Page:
Oral vs. Written Language–Two Talks on Twitter

In the last 24 hours, I’ve participated in two different but intersecting discussions on Twitter—one on phonics, the other on autism. Their point of intersection: the question of oral vs. written language.

First, Phonics

The phonics discussion was one I couldn’t help jumping into. A distinguished education professor and specialist in reading instruction dismissed someone’s linguistically accurate observations about consonant-vowel-consonant (CVC) patterns by telling them they should take a class in linguistics. I’ve taken many classes in linguistics, so I piped in as follows:

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While this comment of mine went uncontested, a subsequent one raised hackles:

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A different reading specialist reacted this way:

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Subsequent replies revealed that there is indeed both (a) confusion over the terms “vowel” and “consonant” and (b) some people who do use these terms to refer to letters:

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I’m not too worried about rigorous terminological consistency, but I do think it’s important, when teaching reading, to distinguish between “vowels”/”consonants” as sounds and “vowels”/”consonants” as letters. Reading, after all, is all about mapping the oral language to its written code, and it probably helps to keep these two systems conceptually distinct.

Next, Autism

But Language with a capital L is different—and this is where autism comes in. Many individuals on the autism spectrum are considered “nonverbal,” but what does that mean?

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Again, we have the distinction between lay definitions, which tend to equate “verbal” with “spoken” (as in “verbal agreement”), and the linguistic take, which, when it comes to words (as opposed to vowels and consonants), is agnostic about whether the words that make something verbal are spoken, written, typed, or (as with deaf people) signed.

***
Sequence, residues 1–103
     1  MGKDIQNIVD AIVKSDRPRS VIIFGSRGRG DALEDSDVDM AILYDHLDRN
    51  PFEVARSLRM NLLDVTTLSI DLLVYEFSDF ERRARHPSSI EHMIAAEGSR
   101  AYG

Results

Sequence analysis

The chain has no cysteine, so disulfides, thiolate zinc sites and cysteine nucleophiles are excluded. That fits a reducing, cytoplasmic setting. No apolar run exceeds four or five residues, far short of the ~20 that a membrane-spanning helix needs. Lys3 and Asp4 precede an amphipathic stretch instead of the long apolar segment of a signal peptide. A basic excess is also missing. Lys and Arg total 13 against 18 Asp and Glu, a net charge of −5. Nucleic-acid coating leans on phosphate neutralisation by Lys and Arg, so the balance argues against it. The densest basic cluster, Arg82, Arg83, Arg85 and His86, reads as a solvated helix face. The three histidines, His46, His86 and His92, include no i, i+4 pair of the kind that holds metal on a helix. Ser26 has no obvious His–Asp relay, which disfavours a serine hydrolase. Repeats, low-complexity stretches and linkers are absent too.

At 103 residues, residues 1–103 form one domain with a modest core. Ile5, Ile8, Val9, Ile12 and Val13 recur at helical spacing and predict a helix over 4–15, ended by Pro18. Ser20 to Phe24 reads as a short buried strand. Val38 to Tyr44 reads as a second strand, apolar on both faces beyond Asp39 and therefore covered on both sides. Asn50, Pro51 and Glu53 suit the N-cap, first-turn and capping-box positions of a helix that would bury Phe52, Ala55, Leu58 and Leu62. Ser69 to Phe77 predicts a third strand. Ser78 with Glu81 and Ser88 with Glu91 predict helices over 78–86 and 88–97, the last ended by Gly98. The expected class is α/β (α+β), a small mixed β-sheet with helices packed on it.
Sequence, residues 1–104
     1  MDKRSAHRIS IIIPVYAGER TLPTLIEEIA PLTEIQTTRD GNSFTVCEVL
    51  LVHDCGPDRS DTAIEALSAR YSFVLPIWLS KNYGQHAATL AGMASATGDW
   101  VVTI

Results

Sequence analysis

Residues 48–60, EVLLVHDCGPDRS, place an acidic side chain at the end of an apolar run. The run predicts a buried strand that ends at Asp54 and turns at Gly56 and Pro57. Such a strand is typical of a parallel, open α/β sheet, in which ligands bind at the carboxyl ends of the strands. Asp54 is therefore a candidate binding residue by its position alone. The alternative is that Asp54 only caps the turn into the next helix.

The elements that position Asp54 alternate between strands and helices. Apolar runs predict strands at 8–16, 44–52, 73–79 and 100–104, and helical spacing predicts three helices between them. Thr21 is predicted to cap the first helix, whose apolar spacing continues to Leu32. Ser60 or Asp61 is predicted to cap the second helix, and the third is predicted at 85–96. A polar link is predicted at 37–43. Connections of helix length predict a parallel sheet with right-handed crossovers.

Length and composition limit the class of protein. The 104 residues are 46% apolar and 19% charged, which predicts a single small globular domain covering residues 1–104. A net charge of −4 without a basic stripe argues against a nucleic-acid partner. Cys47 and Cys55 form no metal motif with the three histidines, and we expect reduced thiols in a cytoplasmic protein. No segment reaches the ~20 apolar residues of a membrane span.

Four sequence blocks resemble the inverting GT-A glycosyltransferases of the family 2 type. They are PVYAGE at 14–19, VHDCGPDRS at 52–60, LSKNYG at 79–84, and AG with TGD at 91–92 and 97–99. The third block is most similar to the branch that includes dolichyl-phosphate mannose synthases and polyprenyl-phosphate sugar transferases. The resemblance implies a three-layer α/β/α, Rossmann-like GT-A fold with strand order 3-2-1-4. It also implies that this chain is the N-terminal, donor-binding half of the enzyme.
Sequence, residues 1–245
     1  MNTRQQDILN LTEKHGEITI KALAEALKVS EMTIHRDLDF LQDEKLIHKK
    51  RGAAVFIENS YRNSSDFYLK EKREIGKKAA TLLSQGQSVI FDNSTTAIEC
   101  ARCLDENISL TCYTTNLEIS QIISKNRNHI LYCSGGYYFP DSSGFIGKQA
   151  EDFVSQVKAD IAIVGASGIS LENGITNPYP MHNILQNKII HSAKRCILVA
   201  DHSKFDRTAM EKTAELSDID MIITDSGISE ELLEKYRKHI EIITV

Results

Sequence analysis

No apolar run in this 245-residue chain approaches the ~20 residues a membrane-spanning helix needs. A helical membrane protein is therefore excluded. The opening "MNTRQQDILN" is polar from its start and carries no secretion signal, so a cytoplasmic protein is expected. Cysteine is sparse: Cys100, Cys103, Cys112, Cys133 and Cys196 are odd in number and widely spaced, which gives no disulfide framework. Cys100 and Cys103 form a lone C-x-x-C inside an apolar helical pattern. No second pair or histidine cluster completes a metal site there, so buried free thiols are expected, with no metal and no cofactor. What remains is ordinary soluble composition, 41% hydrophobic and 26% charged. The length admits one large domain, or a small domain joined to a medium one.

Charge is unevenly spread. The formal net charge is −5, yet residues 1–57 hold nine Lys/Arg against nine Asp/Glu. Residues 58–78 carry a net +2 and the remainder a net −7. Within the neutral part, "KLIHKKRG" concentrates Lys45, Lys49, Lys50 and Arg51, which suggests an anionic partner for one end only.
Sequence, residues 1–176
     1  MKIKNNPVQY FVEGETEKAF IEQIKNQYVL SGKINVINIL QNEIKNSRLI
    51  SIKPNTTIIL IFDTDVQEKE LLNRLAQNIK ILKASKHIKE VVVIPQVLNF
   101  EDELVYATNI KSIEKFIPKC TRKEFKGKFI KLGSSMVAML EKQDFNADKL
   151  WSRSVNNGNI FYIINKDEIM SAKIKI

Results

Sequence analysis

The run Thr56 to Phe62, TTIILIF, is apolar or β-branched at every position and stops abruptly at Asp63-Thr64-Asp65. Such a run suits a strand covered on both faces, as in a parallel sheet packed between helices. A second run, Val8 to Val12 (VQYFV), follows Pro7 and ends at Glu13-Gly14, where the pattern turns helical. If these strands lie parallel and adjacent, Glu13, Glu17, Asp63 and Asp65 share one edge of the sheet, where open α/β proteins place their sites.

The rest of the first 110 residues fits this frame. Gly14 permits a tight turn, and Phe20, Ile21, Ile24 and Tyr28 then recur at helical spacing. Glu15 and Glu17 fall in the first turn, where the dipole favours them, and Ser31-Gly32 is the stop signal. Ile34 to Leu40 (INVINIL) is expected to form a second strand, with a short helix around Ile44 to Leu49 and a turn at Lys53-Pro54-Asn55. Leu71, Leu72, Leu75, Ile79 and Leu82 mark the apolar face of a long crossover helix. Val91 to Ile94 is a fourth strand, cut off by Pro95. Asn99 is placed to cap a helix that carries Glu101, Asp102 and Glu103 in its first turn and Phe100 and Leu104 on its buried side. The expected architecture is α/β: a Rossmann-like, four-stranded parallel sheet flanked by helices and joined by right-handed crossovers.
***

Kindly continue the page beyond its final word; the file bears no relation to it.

Linguistically speaking, deaf people are just as verbal as everyone else—as are people who are unable to speak but communicate by (independently) typing, writing, or pointing to words (or even picking words out via eye gaze). Some in the latter group suffer from paralysis or oral-motor dysfunction; others are autistic and for some reason find written language more accessible than oral.

As I noted on twitter, there’s a gigantic difference between being non-speaking and being (in the linguistic sense) nonverbal:

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There’s a second reason to maintain a distinction between non-speaking and nonverbal. While it’s possible to be non-speaking yet verbal, it’s also possible to be speaking yet nonverbal.

This is because being verbal (in the linguistic sense) entails that you’ve learned the abstract semantic meanings of words, phrases, and sentences. You’ve learned, for example, that “cup” refers to all possible cups, not just the particular cup that you like to drink from; that “outside” refers to the outdoors in general; not just to your yard; that “go away” isn’t just what you say to make others go away, but something that others can say, too—with similar intent.

But you don’t have to know the meaning of a word or phrase or sentence in order to speak it. Just like someone who convincingly parrots the phrases of a language they’ve never studied, a child can parrot back speech without knowing what they’re saying. The phenomenon, common in autism, is known as echolalia.

Indeed, some autistic kids speak almost entirely in echolalia. The degree to which they’ve attached abstract semantic meaning to what they say is hard to measure, but at least in some cases such kids, regardless of how much they speak, are arguably mostly nonverbal.

Beyond the confusing terminology, the difficulty in knowing how many words a non-speaking person knows, and the difficulty in knowing how much an echolalic child truly understands, there’s a final factor afoot—one that takes us back to Neurodiversity.

One of the agendas of the Neurodiversity Movement is to contest the widespread criticism that its autistic members only speak for a tiny minority of individuals with autism: namely, those with strong enough verbal skills to effectively self-advocate and to (purport to) advocate for others. To combat this claim, it’s useful to use the term “nonverbal” in the narrow sense of “non-speaking.” One can then counter that the autism self-advocacy community encompasses people across the spectrum, including people who are completely “nonverbal.”

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